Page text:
This month’s featured poem coincides with the Easter holiday weekend, and relates to an event from just over a century ago.

Eleanor Farjeon

Easter Monday (In Memoriam E.T.)

In the last letter that I had from France
You thanked me for the silver Easter egg
Which I had hidden in the box of apples
You liked to munch beyond all other fruit.
You found the egg the Monday before Easter,
And said, ‘I will praise Easter Monday now –
It was such a lovely morning’. Then you spoke
Of the coming battle and said, ‘This is the eve.
Good-bye. And may I have a letter soon.’

That Easter Monday was a day for praise,
It was such a lovely morning. In our garden
We sowed our earliest seeds, and in the orchard
The apple-bud was ripe. It was the eve.
There are three letters that you will not get.

(April 9th, 1917)

Eleanor Farjeon (13 February 1881 – 5 June 1965) is known today, if at all, as the author of children’s books, but she was an engaged participant in the literary salons of London in the Eleanor Farjeonearly 20th century.   Eleanor was born in the family home on The Strand in London: her older brother was a composer and her father and two younger brothers were writers as well.  Today, her relative anonymity might tempt you to think she just dabbled in writing, but the economics of Grub Street at that time meant that a talented writer could maintain an independent professional life.  Her literary circle included friends such as Walter de la Mare, D.H. Lawrence, Robert Frost, and Edward Thomas.  The work of hers which is most widely known, but rarely attributed to her, is the hymn Morning Has Broken, written in 1931 but made popular by Cat Stevens in the 1960s.  After her death a trust was established in her name and since 1966 there has been an annual Eleanor Farjeon Award for distinguished contributions to the publishing of British children’s books; in 2018 the award went to Michael Morpurgo, and earlier winners include Mallory Blackman, Michael Rosen, Terry Pratchett, Philip Pullman, Shirley Hughes and Jacqueline Wilson.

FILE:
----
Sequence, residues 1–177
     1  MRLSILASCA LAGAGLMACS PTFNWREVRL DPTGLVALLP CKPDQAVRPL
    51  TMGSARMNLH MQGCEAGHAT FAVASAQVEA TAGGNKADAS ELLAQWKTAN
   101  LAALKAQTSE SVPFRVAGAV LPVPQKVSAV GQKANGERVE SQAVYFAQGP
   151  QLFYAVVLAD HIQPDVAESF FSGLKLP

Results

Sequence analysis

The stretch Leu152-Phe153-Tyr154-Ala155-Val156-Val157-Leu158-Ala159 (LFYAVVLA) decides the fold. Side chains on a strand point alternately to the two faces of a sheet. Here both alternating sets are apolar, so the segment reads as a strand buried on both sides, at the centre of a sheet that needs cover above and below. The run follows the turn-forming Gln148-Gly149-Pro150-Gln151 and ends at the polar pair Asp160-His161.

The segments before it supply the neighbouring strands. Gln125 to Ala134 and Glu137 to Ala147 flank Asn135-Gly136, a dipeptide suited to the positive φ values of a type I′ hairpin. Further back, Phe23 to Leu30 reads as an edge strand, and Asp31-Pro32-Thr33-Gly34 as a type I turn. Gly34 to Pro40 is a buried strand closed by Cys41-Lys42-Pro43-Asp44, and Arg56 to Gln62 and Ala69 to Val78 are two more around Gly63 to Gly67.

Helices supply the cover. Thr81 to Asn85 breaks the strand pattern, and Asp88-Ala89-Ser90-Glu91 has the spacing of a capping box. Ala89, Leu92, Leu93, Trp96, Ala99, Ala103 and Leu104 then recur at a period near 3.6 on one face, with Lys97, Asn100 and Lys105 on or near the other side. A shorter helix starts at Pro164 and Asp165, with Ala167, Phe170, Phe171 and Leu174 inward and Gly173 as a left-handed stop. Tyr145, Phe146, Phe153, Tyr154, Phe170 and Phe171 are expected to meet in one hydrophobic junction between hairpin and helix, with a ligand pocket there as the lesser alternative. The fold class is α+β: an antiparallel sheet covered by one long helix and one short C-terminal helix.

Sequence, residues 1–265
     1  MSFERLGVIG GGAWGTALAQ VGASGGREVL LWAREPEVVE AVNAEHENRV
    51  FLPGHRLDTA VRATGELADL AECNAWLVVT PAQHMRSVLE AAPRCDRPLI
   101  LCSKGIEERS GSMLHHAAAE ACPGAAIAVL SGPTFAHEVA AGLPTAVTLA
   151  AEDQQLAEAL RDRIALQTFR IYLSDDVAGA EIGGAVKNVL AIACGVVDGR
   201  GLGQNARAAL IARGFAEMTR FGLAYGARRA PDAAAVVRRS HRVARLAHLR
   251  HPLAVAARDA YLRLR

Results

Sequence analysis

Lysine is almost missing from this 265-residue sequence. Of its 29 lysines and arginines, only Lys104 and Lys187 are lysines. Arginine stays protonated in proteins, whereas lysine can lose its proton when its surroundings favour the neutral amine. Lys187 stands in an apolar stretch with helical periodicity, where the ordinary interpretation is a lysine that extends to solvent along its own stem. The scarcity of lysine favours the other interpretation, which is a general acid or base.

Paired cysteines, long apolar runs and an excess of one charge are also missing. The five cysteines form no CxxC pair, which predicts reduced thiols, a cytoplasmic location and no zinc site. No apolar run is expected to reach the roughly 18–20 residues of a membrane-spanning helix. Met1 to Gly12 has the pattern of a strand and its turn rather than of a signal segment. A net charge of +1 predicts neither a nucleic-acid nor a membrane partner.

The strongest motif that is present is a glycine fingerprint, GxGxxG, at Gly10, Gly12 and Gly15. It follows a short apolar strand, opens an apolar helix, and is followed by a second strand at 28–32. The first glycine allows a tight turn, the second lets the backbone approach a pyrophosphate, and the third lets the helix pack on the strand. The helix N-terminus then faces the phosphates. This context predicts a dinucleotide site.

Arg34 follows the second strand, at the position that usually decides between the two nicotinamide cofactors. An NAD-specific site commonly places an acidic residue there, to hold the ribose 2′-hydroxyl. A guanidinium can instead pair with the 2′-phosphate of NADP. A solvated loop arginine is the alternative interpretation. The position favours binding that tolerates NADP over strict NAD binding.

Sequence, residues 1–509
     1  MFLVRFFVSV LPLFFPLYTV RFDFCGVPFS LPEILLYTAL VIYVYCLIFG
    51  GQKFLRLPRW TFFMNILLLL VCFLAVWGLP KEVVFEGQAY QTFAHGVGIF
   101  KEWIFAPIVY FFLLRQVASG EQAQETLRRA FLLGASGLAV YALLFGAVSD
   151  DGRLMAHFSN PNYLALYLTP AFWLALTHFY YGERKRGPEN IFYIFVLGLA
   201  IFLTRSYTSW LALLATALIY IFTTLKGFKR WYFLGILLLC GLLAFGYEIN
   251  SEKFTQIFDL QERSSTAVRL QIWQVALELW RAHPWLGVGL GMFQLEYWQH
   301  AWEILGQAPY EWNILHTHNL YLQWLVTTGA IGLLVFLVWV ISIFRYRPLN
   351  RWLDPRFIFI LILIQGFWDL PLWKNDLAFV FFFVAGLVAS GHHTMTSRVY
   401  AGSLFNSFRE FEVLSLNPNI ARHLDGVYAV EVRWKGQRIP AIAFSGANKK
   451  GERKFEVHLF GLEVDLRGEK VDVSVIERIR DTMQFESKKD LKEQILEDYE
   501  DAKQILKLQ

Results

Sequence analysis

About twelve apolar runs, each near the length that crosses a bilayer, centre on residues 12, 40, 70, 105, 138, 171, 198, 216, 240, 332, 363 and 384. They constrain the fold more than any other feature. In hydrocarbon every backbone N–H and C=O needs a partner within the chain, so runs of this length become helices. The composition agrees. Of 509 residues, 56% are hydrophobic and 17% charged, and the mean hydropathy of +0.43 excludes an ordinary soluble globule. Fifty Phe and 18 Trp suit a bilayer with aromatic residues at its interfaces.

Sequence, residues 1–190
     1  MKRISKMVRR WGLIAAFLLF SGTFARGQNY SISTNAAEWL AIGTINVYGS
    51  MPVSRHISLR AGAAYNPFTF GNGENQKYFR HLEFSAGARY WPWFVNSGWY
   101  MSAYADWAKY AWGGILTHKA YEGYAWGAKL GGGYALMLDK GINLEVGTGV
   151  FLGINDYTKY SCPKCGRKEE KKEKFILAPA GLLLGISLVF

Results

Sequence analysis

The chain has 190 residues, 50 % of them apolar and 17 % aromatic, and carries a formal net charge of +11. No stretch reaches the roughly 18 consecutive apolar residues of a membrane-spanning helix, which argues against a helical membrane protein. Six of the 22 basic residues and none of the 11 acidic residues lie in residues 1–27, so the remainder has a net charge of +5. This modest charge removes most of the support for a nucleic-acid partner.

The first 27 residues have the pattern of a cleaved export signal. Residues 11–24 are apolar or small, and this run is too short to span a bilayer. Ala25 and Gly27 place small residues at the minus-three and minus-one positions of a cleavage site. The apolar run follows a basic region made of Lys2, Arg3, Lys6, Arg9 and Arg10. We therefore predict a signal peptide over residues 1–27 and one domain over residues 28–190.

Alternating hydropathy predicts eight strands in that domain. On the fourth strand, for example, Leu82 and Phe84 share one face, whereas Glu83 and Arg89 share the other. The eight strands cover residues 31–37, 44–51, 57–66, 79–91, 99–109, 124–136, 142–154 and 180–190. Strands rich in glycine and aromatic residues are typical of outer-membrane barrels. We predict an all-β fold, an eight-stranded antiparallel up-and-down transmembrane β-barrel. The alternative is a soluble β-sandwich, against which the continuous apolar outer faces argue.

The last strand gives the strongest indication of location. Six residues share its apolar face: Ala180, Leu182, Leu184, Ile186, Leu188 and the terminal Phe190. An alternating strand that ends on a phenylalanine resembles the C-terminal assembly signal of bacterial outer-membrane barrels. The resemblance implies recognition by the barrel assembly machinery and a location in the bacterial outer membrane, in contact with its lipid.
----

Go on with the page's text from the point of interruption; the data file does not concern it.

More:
The subject of the poem is Edward Thomas.  Eleanor was a friend of Edward and his wife, and engaged in correspondence with him after he joined the army in 1915.  The poem makes poignant reference to the last of those letters, written but never read, because Thomas was killed on that Easter Monday in the battle of Arras in France.  I’ve written about Edward Thomas before and he had a troubled relationship with the First World War; he was 37 years old when he joined the army in 1915 and had hesitated for many months before finally committing himself to a military career.  His poetry is inspired by the war, but is not about the war – and this dislocation is present in Eleanor Farjeon’s tribute to him.

There’s a symmetry about the poem, but it takes an asymmetric form: as a sonnet the 9-5 line split is unusual, and there’s no rhyme; there’s the recurring pentameter but in each stanza the beat of the rhythm is broken into an erratic pattern.  The sadness in the poem lies in the ironic repetition of the circumstances in which the apples were received, and the events of Easter for each of them.  Both occurred on such a lovely morning, and the eve of something new, but for Thomas that Easter Monday meant death whilst for the writer it meant life.  Similarly, for Thomas is the recipient of the previous season’s apples ready to be consumed, but the author is with the buds of the new spring growth, ready to flower.  The effect, to me, is the creation of a fractured imbalance replicating the fractures and imbalance caused by the war; there’s an uneasiness, and it’s unsettling..

Margaret Keeping’s excellent book about Edward Thomas A Conscious Englishman describes the last few years Eleanor4of his life, including his relationship with Eleanor, and is an engrossing read.  Eleanor never married, although she did have long term relationships with others.  Although Thomas is there in my pantheon of favourite poetry (as earlier posts indicate) on this Third Thursday the focus is on another accomplished writer who happens to chose him as her subject.

Eleanor Farjeon’s writing covered a number of different forms and she wrote novels and plays as well as poetry and children’s books; she was also a journalist and wrote columns for a couple of left wing newspapers – The Daily Herald, and the Sunday Reynold’s News.  If you don’t know her work then she’s certainly worthy of further investigation.